By Philip van Doorn, MarketWatch
Axon Enterprise was formerly known as Taser, and changed its name to reflect its new focus on body-worn cameras for law enforcement officers and the storage of the video data. Axon was formerly the name of Taser’s body-camera division.
“So they give away the cameras” to municipalities for their police forces, Young said, because “storage of the data will ultimately make more money than the cameras.” There’s an obvious need for body cameras, but storing and retrieving the data is a complicated business. There are various rules about how long the data need to be stored, and many important details to be managed. “If it is a minor, you have to cover the face. If there are license plates of uninvolved bystanders, you have to cover those,” Young explained.
“Since the Taser people have relationships with all of these municipalities, it is kind of a lay-up to sell them body-worn cameras and related services,” Young said.
Axon’s third-quarter sales were up 16% from a year earlier to $104.8 million, while its cloud services revenue rose 47% to $23.9 million. On a projected annual basis, recurring revenue rose 60% to $101.6 million.
Villere has owned the shares for about three years, and Young said the name change and focus on data storage was “very wise.”
Get used to volatility
Volatility in the stock market has driven away some investors. But that would be a mistake, according to Young, who invests for the long run.
The Dow Jones Industrial Average /zigman2/quotes/210598065/realtime DJIA +0.68% has fallen 6.5% since the end of September (not including dividends), while the S&P 500 Index /zigman2/quotes/210599714/realtime SPX +1.01% is down 8%. From all the craven headlines in the financial media, one might expect that the U.S. economy is already in the doldrums or that the end of the world is nigh.
The S&P 500 has even been in “correction territory” during this period (meaning a decline of at least 10% from a peak), but “corrections happen more than once per year on average,” according to John Buckingham, editor of The Prudent Speculator.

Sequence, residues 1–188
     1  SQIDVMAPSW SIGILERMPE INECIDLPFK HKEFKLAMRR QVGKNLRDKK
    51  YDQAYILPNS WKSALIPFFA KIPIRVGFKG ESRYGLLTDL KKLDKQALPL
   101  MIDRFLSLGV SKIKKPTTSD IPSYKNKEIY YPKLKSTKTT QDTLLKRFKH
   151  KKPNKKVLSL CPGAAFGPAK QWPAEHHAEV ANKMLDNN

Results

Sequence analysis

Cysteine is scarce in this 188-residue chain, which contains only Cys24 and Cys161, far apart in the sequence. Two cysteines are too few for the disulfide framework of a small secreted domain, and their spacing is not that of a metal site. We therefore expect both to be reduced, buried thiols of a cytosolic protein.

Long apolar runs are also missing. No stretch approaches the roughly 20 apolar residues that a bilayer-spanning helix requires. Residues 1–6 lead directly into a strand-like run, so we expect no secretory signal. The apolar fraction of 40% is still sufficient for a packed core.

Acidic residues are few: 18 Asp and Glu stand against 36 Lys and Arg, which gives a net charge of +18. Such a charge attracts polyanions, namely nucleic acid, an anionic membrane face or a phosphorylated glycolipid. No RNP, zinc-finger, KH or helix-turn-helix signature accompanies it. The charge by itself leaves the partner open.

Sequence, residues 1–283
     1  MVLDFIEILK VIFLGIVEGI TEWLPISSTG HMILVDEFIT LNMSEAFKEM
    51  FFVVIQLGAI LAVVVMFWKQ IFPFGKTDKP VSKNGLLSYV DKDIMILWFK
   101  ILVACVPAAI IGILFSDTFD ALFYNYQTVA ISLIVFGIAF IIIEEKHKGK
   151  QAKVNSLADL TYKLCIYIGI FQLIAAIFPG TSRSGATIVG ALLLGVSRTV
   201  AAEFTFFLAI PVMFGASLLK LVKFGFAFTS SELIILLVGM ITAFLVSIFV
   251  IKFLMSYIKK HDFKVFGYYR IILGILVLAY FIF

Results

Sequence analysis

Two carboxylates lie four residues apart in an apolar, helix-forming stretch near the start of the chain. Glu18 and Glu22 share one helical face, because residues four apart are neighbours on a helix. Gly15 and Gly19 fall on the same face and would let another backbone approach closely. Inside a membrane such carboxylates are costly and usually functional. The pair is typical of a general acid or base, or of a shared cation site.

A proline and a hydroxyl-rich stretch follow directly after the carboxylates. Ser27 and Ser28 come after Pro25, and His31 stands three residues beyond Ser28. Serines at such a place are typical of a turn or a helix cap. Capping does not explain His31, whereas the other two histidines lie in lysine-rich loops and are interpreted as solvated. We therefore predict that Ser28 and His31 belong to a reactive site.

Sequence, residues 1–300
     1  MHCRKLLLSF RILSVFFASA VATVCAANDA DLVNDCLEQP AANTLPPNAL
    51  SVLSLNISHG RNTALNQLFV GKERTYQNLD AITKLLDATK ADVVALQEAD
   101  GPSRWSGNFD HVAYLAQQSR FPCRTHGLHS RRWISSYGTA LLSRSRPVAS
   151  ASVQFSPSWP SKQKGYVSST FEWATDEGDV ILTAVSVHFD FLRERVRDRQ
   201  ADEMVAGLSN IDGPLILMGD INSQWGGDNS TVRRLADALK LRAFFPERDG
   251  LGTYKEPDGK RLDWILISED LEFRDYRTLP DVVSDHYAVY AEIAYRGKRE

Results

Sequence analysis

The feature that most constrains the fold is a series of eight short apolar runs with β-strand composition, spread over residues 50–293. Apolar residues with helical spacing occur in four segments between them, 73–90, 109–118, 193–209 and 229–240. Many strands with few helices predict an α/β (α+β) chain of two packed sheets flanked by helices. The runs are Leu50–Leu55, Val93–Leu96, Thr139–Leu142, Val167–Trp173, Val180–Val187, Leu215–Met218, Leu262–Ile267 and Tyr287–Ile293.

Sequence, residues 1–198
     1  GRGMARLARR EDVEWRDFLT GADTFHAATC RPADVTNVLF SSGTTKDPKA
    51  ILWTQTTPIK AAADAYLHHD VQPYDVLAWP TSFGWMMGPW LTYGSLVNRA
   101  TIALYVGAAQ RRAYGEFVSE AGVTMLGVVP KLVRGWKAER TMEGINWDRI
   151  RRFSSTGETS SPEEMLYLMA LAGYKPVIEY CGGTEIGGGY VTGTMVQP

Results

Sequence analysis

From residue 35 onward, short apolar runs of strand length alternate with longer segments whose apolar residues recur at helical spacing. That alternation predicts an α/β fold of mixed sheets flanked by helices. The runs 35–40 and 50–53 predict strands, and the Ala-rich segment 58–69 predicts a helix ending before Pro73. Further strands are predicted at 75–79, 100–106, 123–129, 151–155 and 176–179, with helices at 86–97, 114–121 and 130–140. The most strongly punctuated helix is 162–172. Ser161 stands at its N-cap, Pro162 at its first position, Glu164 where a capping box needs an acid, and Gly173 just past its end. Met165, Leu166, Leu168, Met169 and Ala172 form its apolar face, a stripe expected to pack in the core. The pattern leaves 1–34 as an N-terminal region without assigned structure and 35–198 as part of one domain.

“A lot of people have seen a lot of volatility over the past two months, which has not been fun, but over the past 10 to 20 years, these periods have become blips in the rearview mirror,” Young said.
In other words, you’re probably used to these pullbacks, and if you are not, you had better expect them and ride them out. If you panic, which is easy to do, your returns will likely suffer, as you will be very unlikely to move your money back into the market before it has already moved higher than it was when you sold your shares.
Here’s a two-year chart for the S&P 500:
Over the past two years, the index has risen 21% (not including dividends), but you can see that this period has included several significant declines, which of course supported elevated levels of gloomy daily financial media headlines.
Villere Balanced Fund
Young said the Villere Balanced Fund’s /zigman2/quotes/209434593/realtime VILLX +0.74% allocation is about 22% bonds. The fund has $245 million in assets and typically holds between 20 and 30 stocks. It can hold up to 50% bonds as part of its strategy of providing “sustainable long-term growth with reasonable valuations,” according to Villere’s description of the fund.
The fund is ranked two stars out of five by Morningstar, as its recent performance hasn’t been good.
“We fell victim to a bunch of stocks with earnings that were slightly weak, and they were whipped with, say, 25% declines,” Young said. “I went out and bought more. In a year we’ll know if we were right.”
“With smaller-cap stocks that have less liquidity, if short-sellers can borrow the shares, they go right down. This affected a few of the stocks,” Young added. He emphasized that Villere has always made long-term investment decisions based on detailed, bottom-up analysis and close contact with the companies.
Young said there really is no appropriate benchmark index for the Villere Balanced Fund. So here’s how it has performed against its Morningstar category and the S&P 500, through Nov. 27:
|Total return - 2018||Average annual return - 3 years||Avg. return - 5 years||Avg. return - 10 years||Avg. return - 15 years|
|Villere Balanced Fund||1.1%||4.6%||2.1%||11.5%||6.8%|
|Morningstar category: Mid Growth with 70% to 85% equity allocation||-2.5%||6.1%||4.8%||8.7%||6.6%|
|S&P 500 Index||2.1%||10.9%||10.5%||14.1%||8.6%|
|Sources: Morningstar Direct, FactSet|
Here are the fund’s top 10 stock holdings as of Oct. 31:
|Company||Ticker||Industry||Share of fund||Total return - 2018 through Nov. 27|
|Visa Inc. Class A||/zigman2/quotes/203660239/composite V||Finance/Rental/Leasing||6.2%||20%|
|Steris PLC||/zigman2/quotes/203973646/composite STE||Medical Specialties||5.1%||33%|
|Progressive Corp.||/zigman2/quotes/202480455/composite PGR||Property/Casualty Insurance||4.2%||12%|
|Kearny Financial Corp.||/zigman2/quotes/209526978/composite KRNY||Savings Banks||3.7%||-8%|
|Howard Hughes Corp.||/zigman2/quotes/206056706/composite HHC||Real Estate Development||3.6%||-17%|
|Euronet Worldwide Inc.||/zigman2/quotes/201180589/composite EEFT||Data Processing Services||3.5%||35%|
|Pool Corporation||/zigman2/quotes/200443753/composite POOL||Wholesale Distributors||3.3%||21%|
|Weight Watchers International Inc.||Other Consumer Services||3.2%||11%|
|LKQ Corp.||/zigman2/quotes/210317139/composite LKQ||Automotive Aftermarket||3.2%||-32%|
|Genesee & Wyoming Inc. Class A||Railroads||2.1%||2%|
You can click the tickers for more information about each company.
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